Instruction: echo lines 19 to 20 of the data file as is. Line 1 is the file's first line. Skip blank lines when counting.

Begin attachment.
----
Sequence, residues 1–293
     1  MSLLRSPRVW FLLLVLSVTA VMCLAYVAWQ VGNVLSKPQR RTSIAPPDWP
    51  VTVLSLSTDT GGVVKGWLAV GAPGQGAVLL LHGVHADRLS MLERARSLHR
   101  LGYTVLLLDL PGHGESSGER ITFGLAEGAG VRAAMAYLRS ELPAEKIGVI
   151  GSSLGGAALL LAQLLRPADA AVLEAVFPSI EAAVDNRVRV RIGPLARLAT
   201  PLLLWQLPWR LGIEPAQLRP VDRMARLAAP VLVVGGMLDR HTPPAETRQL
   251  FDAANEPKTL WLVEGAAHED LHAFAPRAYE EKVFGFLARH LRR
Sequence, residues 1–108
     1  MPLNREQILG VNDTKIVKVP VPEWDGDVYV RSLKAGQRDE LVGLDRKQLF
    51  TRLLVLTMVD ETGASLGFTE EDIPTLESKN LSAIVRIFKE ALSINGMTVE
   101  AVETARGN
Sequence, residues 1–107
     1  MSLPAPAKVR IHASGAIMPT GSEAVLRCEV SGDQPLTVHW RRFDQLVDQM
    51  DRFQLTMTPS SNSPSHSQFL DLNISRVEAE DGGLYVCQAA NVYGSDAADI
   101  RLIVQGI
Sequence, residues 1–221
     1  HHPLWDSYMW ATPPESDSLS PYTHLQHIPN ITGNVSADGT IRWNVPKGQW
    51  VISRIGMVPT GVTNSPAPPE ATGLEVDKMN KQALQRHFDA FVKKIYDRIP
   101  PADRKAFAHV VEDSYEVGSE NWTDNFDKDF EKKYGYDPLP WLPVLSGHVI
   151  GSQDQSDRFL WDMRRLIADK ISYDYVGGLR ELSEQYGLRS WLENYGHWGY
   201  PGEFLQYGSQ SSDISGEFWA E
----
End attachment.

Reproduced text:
   101  PADRKAFAHV VEDSYEVGSE NWTDNFDKDF EKKYGYDPLP WLPVLSGHVI
   151  GSQDQSDRFL WDMRRLIADK ISYDYVGGLR ELSEQYGLRS WLENYGHWGY